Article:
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The Real Thing: Hot Cocoa Jars

February 10, 2014 § 2 Comments

A friend of mine came over for dinner last week—let’s call her “Friend”—and brought these craftily assembled jars of hot chocolate mix. What a fantastic idea! I will make these next year for stocking stuffers. (I always have an easy time resolving to make crafts months in advance.)

      Cocoa powder; sugar; dark chocolate chips & marshmallows

      Cocoa powder; sugar; dark chocolate chips & marshmallows

After Friend left, I pilfered a marshmallow, but realized that these mixes were obviously party favors from a fete that took place quite a while back. I know this because the marshmallows are hard as bits of ivory. As you can see, the tag says, “Thank you for celebrating Patti’s 60th!” I’m sure Patti is at least 63 by now.

However, this is my fault. First, because I put off Friend’s visit for a long time, as it is hard to make social plans with Max. That said, I don’t think the marshmallows would have been much softer back in December. No, no: my culpability really lies in the fact that I served Friend a packet of diet cocoa one day last fall. The cocoa was a relic from the days when both of us were trying too hard to be too thin. I thought maybe she was still in that mindset, and wouldn’t want the real stuff, which is what I made for myself (guiltily, I didn’t tell her about the distinction). I tried a sip of hers when she left the mug unfinished and winced at that tinny flavor of aspartame. When she left, I threw away the remaining packets, realizing that they were not fit for anyone other than a hard-suffering anorexic… except, perhaps, someone without taste buds.

I’m not sure if Friend gave me these hot cocoa jars because she doesn’t want them in her house—she is still quite lithe—or because she genuinely felt I needed a hot chocolate intervention, which would be true if I were still hoarding Diet Swiss Miss. But even if I never actually constitute these Ball jars into a pot of cocoa, they’re lovely to look at. At this late date, they may be best suited just for looking. Then again, pebbly marshmallows are imminently re constitute-able. After all, isn’t that how we moved away from fresh cocoa into the packet industry to begin with? Well, I say we move out again, real sugar and all. And Happy Belated Birthday, to you, Patti, whoever you are!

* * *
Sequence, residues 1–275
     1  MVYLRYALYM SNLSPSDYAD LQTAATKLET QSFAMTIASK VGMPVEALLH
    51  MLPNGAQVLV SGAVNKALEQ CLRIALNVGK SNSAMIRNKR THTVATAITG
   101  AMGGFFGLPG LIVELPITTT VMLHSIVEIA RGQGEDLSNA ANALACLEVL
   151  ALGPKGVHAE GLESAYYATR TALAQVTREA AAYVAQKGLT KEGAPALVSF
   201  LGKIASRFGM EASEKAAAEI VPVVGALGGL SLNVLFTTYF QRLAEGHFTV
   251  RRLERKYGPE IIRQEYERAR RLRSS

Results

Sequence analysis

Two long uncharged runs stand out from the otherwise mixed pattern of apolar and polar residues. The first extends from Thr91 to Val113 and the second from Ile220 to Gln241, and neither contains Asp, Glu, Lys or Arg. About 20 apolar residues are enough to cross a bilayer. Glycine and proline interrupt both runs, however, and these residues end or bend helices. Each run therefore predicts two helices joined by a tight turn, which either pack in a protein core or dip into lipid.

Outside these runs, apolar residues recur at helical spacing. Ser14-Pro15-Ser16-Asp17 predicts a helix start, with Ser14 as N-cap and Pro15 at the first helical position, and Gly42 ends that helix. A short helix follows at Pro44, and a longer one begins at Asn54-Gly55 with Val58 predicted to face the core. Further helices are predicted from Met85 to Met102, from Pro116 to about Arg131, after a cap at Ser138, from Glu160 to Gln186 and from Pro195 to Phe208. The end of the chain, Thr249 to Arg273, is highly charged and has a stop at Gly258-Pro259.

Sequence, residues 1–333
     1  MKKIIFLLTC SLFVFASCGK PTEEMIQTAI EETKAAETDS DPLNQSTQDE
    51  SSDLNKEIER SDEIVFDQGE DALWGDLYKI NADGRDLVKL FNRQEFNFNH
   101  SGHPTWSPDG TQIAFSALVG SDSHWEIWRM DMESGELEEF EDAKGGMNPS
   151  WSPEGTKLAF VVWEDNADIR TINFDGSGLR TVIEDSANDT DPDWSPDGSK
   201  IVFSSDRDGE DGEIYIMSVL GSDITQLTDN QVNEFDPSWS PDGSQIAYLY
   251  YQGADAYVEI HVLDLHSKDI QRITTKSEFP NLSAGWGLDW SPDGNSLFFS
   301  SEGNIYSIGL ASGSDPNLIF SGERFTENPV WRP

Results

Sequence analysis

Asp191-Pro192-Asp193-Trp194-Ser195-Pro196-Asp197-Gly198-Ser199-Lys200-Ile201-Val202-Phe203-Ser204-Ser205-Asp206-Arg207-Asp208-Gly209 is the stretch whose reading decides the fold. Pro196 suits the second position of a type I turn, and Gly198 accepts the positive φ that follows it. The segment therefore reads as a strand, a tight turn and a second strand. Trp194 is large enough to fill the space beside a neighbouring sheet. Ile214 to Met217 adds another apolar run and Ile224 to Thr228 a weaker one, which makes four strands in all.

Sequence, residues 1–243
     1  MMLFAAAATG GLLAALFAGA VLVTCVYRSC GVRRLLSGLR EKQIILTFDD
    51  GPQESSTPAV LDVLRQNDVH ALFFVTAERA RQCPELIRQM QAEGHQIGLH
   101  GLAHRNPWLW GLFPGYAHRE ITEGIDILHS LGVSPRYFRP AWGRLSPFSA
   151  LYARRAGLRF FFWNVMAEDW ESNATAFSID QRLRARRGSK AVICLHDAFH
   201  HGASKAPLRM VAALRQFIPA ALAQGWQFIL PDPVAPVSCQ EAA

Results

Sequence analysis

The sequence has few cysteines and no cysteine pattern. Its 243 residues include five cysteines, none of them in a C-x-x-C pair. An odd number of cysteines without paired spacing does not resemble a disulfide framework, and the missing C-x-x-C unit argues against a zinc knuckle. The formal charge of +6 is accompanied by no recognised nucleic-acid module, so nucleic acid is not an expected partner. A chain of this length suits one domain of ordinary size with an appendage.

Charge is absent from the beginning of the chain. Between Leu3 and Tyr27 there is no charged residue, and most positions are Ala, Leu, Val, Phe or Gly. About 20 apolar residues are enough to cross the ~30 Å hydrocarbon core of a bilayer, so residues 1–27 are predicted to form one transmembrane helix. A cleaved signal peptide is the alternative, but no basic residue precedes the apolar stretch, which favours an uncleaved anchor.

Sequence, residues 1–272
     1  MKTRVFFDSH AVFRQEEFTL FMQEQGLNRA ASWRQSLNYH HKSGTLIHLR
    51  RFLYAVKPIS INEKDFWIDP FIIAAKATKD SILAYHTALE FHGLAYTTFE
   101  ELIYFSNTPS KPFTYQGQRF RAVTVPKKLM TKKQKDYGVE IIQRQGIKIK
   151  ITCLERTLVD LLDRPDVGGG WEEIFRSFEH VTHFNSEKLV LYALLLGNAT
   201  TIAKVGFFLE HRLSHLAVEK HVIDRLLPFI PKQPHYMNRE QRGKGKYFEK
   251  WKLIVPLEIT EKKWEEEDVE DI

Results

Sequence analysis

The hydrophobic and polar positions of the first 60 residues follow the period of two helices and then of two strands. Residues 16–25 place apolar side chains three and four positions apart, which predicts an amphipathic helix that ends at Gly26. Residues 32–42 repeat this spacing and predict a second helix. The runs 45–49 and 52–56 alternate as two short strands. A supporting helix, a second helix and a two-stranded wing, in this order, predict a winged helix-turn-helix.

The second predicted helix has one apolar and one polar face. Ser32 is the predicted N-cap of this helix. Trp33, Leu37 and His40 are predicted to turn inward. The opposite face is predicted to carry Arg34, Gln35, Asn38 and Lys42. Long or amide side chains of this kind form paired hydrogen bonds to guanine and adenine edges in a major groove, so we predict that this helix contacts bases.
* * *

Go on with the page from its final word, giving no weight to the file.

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grandma’s cranberry chutney

November 26, 2013 § 1 Comment

chutney ingredients

chutney ingredients

Eventually, I will get all of our family recipes up onto this site, so that we can have a virtual recipe box. This is the first of many, and I think, possibly, my favorite thing to cook this time of year. It makes your mouth pucker and helps everything taste livelier. Turkey, stuffing and cheesy potatoes, which can be so rich and flat on their own, benefit especially from some cranberry zing.

Back to the recipe box. We move around so much, we modern people, and I can’t always take Grandma’s recipes with me. This year, of course, everything is mixed up because of the impending human. If I were doing Thanksgiving with my parents in Connecticut, then the box would be right there, nestled between a dozen cookbooks and stacks of papers and old tchotchke, in that corner of the kitchen known simply as “the credenza.” (Say it in a baritone.) Although it also houses beautiful blue stemware and several propped up china plates, this corner shelf has ended up a repository for all of those doodads one uses at the kitchen table: cell phone chargers; tissue boxes; instructions manuals; rubber band balls; dogeared Hammacher Schlemmer catalogues; SAT prep books from 2001. I worry that the recipe box might get swallowed by that heap. Best to preserve it.